With 2019 on pace as one of the warmest years on record, a major new study from the University of California, Davis, reveals how rapidly the Arctic is warming and examines global consequences of continued polar warming.
The study, published today in the journal Science Advances reports that the Arctic has warmed by 0.75 degrees Celsius in the last decade alone. By comparison, the Earth as a whole has warmed by nearly the same amount, 0.8 C, over the past 137 years.
“Many of the changes over the past decade are so dramatic they make you wonder what the next decade of warming will bring,” said lead author Eric Post, a UC Davis professor of climate change ecology. “If we haven’t already entered a new Arctic, we are certainly on the threshold.”
Consequences for the polar regions
The comprehensive report represents the efforts of an international team of 15 authors specializing in an array of disciplines, including the life, earth, social and political sciences. They documented widespread effects of warming in the Arctic and Antarctic on wildlife, traditional human livelihoods, tundra vegetation, methane release, and loss of sea- and land ice. They also examined consequences for the polar regions as the Earth inches toward 2 C warming, a commonly discussed milestone.
“Under a business-as-usual scenario, the Earth as a whole may reach that milestone in about 40 years,” said Post. “But the Arctic is already there during some months of the year, and it could reach 2 C warming on an annual mean basis as soon as 25 years before the rest of the planet.”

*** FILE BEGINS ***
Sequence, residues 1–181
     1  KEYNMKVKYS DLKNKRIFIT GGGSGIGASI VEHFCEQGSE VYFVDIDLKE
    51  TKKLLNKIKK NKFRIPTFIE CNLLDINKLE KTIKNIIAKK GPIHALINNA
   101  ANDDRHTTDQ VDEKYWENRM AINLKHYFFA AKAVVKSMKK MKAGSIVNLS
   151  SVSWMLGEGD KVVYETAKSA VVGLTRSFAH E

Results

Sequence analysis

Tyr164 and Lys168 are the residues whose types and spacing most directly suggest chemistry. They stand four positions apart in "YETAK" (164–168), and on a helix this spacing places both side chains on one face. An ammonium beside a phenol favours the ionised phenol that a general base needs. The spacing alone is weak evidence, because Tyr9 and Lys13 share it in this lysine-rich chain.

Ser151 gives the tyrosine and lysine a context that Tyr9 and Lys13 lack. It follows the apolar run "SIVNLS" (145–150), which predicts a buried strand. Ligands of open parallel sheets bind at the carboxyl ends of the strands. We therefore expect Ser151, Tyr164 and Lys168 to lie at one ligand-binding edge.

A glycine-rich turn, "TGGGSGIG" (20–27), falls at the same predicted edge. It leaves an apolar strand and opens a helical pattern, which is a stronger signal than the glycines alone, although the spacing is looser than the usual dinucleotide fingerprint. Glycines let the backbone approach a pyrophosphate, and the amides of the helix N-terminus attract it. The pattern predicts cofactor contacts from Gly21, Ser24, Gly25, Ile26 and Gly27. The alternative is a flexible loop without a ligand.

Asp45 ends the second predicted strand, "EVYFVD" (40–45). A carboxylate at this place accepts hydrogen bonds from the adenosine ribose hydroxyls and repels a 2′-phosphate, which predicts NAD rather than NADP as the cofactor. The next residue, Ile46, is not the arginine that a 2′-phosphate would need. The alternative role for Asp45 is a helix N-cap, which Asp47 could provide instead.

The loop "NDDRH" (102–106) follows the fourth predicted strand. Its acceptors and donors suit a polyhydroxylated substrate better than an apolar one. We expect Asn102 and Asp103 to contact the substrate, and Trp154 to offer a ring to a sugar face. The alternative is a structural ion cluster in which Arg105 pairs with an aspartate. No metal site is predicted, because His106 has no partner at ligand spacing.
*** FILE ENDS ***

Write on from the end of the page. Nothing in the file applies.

The study illustrates what 2 C of global warming could mean for the high latitudes: up to 7 C warming for the Arctic and 3 C warming for the Antarctic during some months of the year.
The authors say that active, near-term measures to reduce carbon emissions are crucial to slowing high-latitude warming, especially in the Arctic.
Beyond the poles
Post emphasizes that major consequences of projected warming in the absence of carbon mitigation are expected to reach beyond the polar regions. Among these are sea level rise resulting from rapid melting of land ice in the Arctic and Antarctic, as well as increased risk of extreme weather, deadly heat waves, and wildfire in parts of the Northern Hemisphere.
“What happens in the Arctic doesn’t stay in the Arctic,” said co-author Michael Mann, a distinguished professor of atmospheric sciences at Penn State. “The dramatic warming and melting of Arctic ice is impacting the jet stream in a way that gives us more persistent and damaging weather extremes.”
Co-authoring institutions include Pennsylvania State University; Aarhus University; University of Oxford; University of Lapland; University of Colorado, Boulder; Chicago Botanic Garden; Dartmouth College; University of Washington; Umea University; University College London; U.S. Arctic Research Commission; Harvard University; and National Oceanic and Atmospheric Administration (NOAA).
Funding for the study was provided by grants from the U.S. National Science Foundation, Academy of Finland and JPI Climate, National Geographic Society, Natural Environment Research Council, the Swedish Research Council, U.S. National Aeronautics and Space Administration, and NOAA.